Support for Organic Vegetable Breeding

Ritardo, Rasmus and Cleopha: These are the names of the new chicory, broccoli, and cucumber varieties that were developed in the course of a five-year cooperative project to intensify organic vegetable breeding. Additional organic varieties will shortly be approved by the German Federal Office for Plant Varieties.     

Organically bred, non-hybrid plant varieties are essential and necessary for high-quality organic produce. To support organic breeders in this time- and cost-intensive work, a five-year cooperation was started in 2015 between Association of Organic Processors, Wholesalers and Retailers (Bundesverband Naturkost Naturwaren, BNN), the organization Kultursaat, and SAGST. The cooperation supports 37 individual breeding projects (already in progress) in German-speaking areas, allowing these projects to proceed more intensively. Under the umbrella of the organizations Kultursaat and saat:gut, it has been possible to substantially increase the number of varieties of non-hybrid vegetable varieties.

“In total, a majority of the projects moved in a promising direction,” states the closing report from Kultursaat. “Three varieties are already on the market and additional varietal candidates will shortly be approved. Chicory variety Ritardo, broccoli variety Rasmus and cucumber variety Cleopha are already available commercially. Four additional new varieties, including Brussels sprouts and a yellow zucchini, will soon be submitted to the Federal Office for Plant Varieties. A few of the breeding projects were, for various reasons, discontinued and in the case of other projects, it is not clear when or how the development will continue – but this is to be expected in light of the complexity of the breeding process.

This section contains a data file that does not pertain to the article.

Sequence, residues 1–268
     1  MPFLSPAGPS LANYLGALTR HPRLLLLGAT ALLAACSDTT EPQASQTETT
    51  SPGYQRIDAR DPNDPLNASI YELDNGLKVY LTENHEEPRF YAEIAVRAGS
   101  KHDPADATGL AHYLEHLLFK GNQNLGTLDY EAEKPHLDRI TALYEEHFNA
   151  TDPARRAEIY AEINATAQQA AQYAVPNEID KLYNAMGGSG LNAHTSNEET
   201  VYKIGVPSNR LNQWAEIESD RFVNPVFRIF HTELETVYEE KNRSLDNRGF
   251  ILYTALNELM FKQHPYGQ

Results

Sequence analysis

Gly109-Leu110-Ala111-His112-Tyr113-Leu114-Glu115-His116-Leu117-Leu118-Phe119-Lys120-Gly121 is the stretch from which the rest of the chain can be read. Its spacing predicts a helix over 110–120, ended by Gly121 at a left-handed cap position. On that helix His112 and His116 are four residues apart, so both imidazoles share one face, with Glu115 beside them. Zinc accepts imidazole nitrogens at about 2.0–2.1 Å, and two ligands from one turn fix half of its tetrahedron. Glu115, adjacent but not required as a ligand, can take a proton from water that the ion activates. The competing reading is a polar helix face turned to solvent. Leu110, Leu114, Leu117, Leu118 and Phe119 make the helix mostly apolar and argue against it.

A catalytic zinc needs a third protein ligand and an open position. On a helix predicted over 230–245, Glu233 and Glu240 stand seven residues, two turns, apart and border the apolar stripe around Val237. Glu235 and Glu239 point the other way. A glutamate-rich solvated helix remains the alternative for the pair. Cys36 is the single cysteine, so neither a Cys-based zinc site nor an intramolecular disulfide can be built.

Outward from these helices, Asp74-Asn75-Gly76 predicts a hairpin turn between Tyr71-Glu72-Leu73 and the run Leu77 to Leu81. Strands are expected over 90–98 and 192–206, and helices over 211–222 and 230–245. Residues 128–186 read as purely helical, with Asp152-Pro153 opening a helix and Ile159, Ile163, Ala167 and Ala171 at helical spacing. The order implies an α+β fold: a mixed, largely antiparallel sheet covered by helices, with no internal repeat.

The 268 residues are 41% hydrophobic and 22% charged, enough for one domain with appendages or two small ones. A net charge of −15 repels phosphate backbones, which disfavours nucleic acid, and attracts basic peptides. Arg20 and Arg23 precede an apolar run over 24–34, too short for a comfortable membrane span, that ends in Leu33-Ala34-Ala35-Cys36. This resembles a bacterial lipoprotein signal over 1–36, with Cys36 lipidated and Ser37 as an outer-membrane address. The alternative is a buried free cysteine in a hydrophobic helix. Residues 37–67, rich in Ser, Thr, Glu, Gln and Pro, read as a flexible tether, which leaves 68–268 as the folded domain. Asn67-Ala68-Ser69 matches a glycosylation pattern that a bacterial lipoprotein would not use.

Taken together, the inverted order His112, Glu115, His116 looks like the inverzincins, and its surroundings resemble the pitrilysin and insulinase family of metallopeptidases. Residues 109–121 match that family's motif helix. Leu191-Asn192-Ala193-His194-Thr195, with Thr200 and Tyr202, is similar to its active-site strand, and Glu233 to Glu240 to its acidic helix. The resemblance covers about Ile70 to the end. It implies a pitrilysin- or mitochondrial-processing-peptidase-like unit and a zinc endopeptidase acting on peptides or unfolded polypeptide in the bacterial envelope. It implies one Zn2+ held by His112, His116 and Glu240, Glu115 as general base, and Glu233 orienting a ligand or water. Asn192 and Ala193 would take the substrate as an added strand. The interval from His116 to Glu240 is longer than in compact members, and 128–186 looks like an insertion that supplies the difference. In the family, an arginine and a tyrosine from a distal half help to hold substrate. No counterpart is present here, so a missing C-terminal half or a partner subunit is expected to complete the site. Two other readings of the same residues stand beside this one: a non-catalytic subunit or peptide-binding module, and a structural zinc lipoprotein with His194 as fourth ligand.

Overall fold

Half of the funding came from an initiative group of the BNN, which contributed a percentage of its income from organic food sales. The other half came from SAGST, which has been financially supporting non-profit plant breeding and research for many years. “This collaboration marks an important milestone,” said SAGST project manager Cornelius Sträßer. “For the first time, actors from the entire value chain came together to finance the development of new varieties.”